The university welcomes best-selling author Rev. Dean Brackley, S.J., professor of theology at the University of Central America (UCA), San Salvador, to the campus for a lecture and reception on Thursday, Feb. 9.
Visitors can gain insights into living conditions in mining communities through a new photography exhibit, "Our Future in Retrospect: Coal Miner Health in Appalachia,” on display at the Blessed John XXIII Pastoral Center in Charleston. The exhibit, sponsored by the university's Appalachian Institute, includes photographs taken by Russell Lee in 1946 and photojournalist Earl Dotter, who recently photographed health conditions in today's southern West Virginia and eastern Kentucky coalfield region.
Through the efforts of coordinator of Counseling Services Arika Shafer, the university received a $500 grant from The Network, a national higher-education leadership group, to fund the new late-night programs for students.
The 2006 College Bowl team took third place honors in the Regional Competition of College Bowl Tournament held at Mount St. Mary's University in Emmitsburg, Md. The WJU team consisted of John Bowman (Capt.), Isaiah Fry, Matt Hartzell, and Matthew (Tad) Hudkins.
March -- West Virginia's Faculty Merit Foundation selected chemistry professor Norm Duffy as one of the state's top three professors of the year at a banquet in the Charleston Cultural Center. Chemistry department chair and WJU's 2005 Teacher of the Year, Duffy was among 22 statewide applicants competing for the annual award and he received $1,000.
Lou Vargo, deputy director of the Wheeling-Ohio County Emergency Management Agency, will chair the product steering committee for NC4, also known as the National Center for Crisis and Continuity Coordination. Vargo, a 1980 graduate of Wheeling College, helped guide the development of the Community Alert Online web site (www.communityalertonline.com) and continues to work with the site's creators.
A joint initiative among WJU, the West Virginia High Technology Consortium Foundation, and the Schiffler Cancer Center, the newly established Urological Research Institute at Wheeling Hospital will focus on innovative research methods directed toward the effective prevention, diagnosis, and treatment of prostate cancer and other urologic disorders. University students and professors will play a key role in this new endeavor.
Online photo goes live. Sponsored by the Appalachian Institute, the exhibit, "Our Future in Retrospect? Coal Miner Health in Appalachia,” has an online home (http://www3.cet.edu/appalachianinstitute) thanks to the efforts of the Center for Educational Technologies at the campus.
Grace Corrigan, the mother of educator astronaut, Christa McAuliffe, who died aboard the space shuttle Challenger, visits the Challenger Learning Center® on May 2. Corrigan will be in West Virginia as part of the annual Freida J. Riley National Teacher Award ceremonies in Clarksburg. Riley was the teacher of the so-called Rocket Boys, whose story was captured in a book by Homer Hickam and later in the film, October Sky.
An affiliate associate professor of physics at the university, who is a leader in the field of prostate cancer, has been named vice chairman of a national organization charged with the evaluation of different prostate cancer treatments. Dr. Gregory S. Merrick, who is also director of the Schiffler Cancer Center at Wheeling Hospital, is appointed vice chairman of the American College of Radiology Appropriateness Criteria Panel for Prostate Cancer. He will serve as vice chairman through 2007 and will be the chairman from 2008-2012.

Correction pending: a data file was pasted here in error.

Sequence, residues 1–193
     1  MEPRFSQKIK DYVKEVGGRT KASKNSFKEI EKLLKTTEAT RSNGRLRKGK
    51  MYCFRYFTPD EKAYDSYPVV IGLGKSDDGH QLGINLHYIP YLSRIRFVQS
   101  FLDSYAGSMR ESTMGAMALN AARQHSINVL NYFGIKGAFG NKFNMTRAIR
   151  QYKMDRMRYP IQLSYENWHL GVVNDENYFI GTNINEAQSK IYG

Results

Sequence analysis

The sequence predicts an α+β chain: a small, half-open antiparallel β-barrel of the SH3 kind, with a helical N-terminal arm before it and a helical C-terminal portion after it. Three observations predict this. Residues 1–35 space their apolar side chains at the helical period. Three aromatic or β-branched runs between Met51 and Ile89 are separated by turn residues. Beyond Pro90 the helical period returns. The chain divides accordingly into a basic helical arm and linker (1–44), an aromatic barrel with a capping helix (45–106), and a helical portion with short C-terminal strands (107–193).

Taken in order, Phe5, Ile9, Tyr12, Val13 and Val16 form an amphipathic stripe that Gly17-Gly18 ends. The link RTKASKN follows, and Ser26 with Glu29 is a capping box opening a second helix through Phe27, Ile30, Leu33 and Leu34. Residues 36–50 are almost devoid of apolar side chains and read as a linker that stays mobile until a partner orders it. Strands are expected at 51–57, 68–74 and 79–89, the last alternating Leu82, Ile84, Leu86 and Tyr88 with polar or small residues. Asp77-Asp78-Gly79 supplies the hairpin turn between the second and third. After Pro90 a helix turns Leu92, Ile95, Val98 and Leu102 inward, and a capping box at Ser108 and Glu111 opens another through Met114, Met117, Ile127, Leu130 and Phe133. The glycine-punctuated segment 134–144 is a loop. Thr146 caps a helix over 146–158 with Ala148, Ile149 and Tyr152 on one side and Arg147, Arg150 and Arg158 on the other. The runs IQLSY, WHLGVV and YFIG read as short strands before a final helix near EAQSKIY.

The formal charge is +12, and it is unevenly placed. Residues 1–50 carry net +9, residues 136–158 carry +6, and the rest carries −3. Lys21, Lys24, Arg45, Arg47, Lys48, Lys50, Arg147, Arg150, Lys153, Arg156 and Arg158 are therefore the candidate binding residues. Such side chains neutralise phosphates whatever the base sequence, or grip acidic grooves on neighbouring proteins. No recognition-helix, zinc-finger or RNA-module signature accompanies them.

Visually impaired students help the Challenger Learning Center® complete a first for both the students and the center—they will be the first visually impaired students to take part in the simulated space mission aimed at middle school students. After a year of planning, the students, who attend school in various districts throughout Washington and Fayette counties in Western Pennsylvania, will take on the Voyage to Mars! Mission April 6. To make the mission possible, Terri Fernandes, a vision support teacher with Intermediate Unit 1 in Western Pennsylvania; Frank Spina, a certified braillist; and Sharon Morgan, a flight director at Challenger, have worked for months converting the task cards used in the mission to Braille or large print.
Dr. Meri Cummings, science resource teacher and lab manager at the Center for Educational Technologies®, has been tabbed as a member of a panel to discuss the future of creativity in America and how to inspire children to imagine everyday. Among those joining her as a panelist at the April 6 event in New York City is actor Matthew Broderick. Cummings was invited by LEGO for her extensive work in using LEGOs to teach robotics.
Representatives of two federal agencies speak at the International Mining Health and Safety Symposium, taking place April 20-21 at the university and WesBanco Arena. Executives from the Mine Safety and Health Administration and the National Institute for Occupational Safety and Health participate on panel discussions during the two-day event.
University first year student, Ashley Kisner of Moundsville, is one of only 50 students in the state to receive a $1,000 scholarship, thanks to the Bernard McDonough Foundation, Inc., of Parkersburg, W.Va. The scholarship, awarded to West Virginia students attending West Virginia private colleges and universities, is part of the Circle of Vision Scholarship Program, administered by the West Virginia Independent Colleges & Universities, Inc. (WVICU).
University President Rev. Joseph R. Hacala, S.J., offers the deepest sympathy and condolences of the university community on the death of Mrs. Erma Ora Byrd. Mrs. Byrd lived a graced life, exemplifying the two great commandments of her Christian faith: the love of God, and the love of neighbor.